News story

May Labour Market Statistics for Scotland

Unemployment in Scotland fell by 7,000, to 199,000 in January to March 2013, according to Office for National Statistics (ONS) data.

This was published under the 2010 to 2015 Conservative and Liberal Democrat coalition government

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Unemployment in Scotland fell by 7,000, to 199,000 in the period January to March 2013, according to Office for National Statistics (ONS) data released today. The Scottish unemployment rate is 7.3 per cent, which is below the average of 7.8 per cent for the whole of the UK.

The labour market statistics also show employment in Scotland has increased by 54,000 over the three months January to March 2013. The number of those in employment in Scotland now stands at 2,517,000.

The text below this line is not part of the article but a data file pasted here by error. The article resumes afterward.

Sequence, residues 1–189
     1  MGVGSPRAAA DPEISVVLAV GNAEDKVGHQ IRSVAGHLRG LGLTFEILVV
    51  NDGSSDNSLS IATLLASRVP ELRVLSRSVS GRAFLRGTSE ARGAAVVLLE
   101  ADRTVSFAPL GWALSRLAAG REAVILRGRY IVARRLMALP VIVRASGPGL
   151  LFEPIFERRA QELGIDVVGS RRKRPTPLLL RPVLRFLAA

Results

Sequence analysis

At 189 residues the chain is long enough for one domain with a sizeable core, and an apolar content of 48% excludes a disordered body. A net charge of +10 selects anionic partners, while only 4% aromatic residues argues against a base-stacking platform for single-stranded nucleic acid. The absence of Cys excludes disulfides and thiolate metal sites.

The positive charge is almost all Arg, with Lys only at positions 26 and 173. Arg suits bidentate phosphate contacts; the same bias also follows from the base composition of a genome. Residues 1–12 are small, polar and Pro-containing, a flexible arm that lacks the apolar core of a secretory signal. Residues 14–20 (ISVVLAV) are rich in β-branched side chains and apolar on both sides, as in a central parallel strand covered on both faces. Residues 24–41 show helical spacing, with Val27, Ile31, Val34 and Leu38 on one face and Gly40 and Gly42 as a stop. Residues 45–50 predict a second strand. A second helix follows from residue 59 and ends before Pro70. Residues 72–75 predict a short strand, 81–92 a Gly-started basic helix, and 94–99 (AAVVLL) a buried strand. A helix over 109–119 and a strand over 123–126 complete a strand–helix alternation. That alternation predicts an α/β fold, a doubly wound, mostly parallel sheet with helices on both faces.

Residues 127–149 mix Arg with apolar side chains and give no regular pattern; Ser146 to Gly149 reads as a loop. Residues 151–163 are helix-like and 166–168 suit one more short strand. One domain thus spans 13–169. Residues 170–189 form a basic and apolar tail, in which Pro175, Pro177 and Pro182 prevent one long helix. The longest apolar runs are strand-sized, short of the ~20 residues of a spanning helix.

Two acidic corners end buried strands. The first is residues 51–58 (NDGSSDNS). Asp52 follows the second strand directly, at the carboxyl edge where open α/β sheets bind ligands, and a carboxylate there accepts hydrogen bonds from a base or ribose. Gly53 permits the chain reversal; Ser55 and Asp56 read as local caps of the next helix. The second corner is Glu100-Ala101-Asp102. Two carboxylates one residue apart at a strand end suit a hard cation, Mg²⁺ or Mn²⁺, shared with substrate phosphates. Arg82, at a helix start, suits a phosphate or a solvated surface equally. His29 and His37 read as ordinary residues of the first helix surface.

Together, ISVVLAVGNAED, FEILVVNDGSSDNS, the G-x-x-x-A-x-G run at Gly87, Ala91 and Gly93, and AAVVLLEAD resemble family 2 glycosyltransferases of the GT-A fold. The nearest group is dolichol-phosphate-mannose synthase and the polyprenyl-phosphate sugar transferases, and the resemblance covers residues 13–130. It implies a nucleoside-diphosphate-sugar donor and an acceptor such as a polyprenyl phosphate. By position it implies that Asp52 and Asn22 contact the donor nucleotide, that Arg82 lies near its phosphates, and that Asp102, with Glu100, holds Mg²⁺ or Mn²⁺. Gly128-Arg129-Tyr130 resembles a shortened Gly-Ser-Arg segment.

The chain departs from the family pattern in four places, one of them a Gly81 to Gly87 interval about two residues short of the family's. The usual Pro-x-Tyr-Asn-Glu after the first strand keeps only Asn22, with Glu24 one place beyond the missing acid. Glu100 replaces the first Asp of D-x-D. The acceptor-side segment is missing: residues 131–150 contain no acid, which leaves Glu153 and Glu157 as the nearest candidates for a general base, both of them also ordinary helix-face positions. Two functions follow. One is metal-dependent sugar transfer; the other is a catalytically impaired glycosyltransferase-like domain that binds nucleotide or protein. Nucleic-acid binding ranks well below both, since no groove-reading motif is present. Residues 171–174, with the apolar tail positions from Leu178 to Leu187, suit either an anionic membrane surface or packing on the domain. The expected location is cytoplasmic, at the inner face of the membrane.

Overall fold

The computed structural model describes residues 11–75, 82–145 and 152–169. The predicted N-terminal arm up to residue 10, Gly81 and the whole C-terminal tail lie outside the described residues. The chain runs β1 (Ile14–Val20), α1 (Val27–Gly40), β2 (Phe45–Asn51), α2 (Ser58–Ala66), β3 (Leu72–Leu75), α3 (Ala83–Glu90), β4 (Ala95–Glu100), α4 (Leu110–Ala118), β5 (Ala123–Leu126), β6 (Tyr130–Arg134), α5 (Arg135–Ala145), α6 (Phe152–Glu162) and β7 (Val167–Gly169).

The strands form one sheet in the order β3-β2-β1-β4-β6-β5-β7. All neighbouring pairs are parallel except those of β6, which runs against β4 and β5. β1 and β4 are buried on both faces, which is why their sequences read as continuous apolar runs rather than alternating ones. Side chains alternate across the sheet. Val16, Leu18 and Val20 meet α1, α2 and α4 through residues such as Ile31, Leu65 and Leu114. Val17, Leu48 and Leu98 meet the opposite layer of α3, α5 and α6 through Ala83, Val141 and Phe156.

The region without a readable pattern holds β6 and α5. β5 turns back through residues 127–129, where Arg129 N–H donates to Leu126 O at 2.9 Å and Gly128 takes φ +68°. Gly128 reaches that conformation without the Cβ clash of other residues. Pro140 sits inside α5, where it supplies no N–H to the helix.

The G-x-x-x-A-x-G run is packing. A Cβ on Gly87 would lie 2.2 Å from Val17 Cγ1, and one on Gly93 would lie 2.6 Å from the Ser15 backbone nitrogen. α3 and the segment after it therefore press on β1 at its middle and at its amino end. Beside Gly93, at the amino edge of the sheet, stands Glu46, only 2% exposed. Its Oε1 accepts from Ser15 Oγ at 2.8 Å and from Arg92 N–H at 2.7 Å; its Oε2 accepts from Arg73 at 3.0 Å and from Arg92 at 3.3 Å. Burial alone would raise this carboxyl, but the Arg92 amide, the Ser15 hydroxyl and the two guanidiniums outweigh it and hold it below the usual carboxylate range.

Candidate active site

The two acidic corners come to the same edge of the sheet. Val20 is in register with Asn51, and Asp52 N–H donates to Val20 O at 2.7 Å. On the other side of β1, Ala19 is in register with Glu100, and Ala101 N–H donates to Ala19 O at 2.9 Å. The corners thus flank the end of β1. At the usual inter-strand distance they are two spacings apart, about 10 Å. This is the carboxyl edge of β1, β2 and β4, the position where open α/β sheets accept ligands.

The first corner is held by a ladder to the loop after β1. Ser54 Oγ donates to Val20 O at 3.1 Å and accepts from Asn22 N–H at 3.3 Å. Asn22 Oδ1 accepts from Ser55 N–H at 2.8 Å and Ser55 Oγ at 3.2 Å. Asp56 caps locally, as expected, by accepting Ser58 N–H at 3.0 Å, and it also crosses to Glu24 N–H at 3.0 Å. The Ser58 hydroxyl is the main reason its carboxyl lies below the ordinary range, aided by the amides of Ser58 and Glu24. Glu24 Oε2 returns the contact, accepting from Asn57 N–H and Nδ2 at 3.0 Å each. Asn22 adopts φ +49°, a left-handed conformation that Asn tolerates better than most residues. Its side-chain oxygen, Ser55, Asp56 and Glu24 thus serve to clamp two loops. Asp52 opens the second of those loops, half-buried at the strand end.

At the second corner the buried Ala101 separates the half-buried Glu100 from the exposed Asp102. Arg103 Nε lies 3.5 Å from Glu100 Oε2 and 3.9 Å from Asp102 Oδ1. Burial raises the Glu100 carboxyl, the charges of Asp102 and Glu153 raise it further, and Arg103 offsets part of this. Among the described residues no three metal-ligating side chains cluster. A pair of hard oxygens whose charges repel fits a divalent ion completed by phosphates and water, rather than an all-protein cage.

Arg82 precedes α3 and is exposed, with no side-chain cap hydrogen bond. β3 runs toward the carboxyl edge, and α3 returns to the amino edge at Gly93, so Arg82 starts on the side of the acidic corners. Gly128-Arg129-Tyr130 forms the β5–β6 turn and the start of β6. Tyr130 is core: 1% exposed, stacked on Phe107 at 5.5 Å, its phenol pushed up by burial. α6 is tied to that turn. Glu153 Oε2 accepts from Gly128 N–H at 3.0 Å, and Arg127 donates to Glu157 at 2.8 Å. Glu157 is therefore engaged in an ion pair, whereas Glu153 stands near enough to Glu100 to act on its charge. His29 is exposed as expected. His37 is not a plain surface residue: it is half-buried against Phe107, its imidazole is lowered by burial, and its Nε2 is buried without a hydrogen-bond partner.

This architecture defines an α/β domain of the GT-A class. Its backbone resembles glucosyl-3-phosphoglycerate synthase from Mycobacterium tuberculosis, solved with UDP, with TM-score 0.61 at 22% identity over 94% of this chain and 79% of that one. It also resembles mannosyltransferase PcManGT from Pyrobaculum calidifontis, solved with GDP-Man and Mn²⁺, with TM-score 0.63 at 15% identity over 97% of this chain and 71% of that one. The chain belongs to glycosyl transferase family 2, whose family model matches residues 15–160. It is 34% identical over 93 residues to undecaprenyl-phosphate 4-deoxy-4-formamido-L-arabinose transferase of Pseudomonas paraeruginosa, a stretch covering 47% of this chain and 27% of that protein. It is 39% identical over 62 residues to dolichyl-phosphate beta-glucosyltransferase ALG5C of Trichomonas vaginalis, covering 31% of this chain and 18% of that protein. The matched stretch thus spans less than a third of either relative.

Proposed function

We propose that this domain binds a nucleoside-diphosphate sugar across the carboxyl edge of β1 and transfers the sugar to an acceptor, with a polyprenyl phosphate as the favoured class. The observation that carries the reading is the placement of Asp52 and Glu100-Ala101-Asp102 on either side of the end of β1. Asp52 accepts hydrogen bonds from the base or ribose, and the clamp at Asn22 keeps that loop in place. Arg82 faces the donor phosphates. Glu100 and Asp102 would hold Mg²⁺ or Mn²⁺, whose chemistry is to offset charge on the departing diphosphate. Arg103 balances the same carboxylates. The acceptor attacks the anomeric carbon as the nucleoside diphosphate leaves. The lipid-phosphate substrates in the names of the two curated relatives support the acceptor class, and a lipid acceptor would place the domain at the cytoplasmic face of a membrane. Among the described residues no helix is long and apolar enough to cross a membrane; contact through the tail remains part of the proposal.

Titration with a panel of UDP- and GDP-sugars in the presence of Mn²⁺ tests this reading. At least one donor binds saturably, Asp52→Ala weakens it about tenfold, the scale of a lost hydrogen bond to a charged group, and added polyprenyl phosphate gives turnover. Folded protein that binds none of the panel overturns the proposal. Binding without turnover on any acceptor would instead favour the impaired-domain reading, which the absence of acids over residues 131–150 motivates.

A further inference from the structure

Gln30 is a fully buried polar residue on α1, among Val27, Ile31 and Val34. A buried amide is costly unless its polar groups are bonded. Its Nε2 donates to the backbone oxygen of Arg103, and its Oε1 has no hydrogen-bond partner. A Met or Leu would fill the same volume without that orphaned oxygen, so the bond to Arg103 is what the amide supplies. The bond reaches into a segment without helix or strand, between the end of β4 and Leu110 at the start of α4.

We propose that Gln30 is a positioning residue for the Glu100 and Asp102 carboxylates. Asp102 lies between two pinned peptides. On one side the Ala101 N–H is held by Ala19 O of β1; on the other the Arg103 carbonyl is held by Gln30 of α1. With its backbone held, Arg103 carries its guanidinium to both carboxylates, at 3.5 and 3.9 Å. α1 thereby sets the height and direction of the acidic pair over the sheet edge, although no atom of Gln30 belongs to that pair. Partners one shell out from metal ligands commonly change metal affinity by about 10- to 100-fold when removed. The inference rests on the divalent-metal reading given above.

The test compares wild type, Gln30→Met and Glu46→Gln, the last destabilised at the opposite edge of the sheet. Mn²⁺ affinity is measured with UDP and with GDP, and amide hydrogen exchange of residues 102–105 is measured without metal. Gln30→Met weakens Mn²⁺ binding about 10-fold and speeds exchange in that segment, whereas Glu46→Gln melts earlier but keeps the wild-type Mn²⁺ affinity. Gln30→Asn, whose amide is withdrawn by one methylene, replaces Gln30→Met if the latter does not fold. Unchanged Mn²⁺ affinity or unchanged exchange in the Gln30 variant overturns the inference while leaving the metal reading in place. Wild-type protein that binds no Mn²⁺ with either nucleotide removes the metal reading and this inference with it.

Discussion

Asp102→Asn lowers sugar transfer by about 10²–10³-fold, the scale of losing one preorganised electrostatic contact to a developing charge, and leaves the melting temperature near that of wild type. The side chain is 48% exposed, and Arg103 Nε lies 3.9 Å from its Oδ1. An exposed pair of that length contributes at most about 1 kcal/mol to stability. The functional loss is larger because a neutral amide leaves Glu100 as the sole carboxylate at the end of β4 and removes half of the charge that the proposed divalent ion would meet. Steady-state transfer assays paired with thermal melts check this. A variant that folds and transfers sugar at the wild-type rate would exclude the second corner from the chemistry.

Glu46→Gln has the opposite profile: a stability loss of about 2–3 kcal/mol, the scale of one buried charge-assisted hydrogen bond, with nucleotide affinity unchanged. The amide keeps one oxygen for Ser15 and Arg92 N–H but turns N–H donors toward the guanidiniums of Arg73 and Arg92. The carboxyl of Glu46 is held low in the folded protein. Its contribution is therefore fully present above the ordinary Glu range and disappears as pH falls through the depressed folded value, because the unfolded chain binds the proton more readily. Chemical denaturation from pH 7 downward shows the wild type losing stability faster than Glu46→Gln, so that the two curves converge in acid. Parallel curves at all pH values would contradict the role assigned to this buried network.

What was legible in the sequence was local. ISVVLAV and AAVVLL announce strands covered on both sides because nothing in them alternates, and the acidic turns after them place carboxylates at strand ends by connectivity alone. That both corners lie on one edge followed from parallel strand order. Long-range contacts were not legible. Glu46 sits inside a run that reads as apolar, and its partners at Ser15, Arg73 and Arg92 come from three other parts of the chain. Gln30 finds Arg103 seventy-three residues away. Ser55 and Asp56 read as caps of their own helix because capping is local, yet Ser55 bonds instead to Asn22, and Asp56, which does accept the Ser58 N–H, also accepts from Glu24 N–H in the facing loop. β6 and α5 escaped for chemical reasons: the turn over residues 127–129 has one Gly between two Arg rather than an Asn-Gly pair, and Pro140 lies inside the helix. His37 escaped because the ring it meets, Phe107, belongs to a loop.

The Secretary of State for Scotland, Michael Moore said:

“The latest labour market figures are another welcome step in the right direction and it is good news that Scotland is doing well as part of UK. This shows that the measures we are taking on the economy are working.

“However, there is still a long way to go and unemployment remains a huge concern for families and individuals in Scotland. It is therefore important that we maintain our economic strategy, working together with all partners to ensure that unemployment continues to fall. I am confident that the measures introduced to Parliament as part of the Queen’s Speech earlier this month such as supporting families with childcare costs, and taking 35,000 businesses in Scotland out of National Insurance contributions altogether, will continue to aid the economic recovery in Scotland.”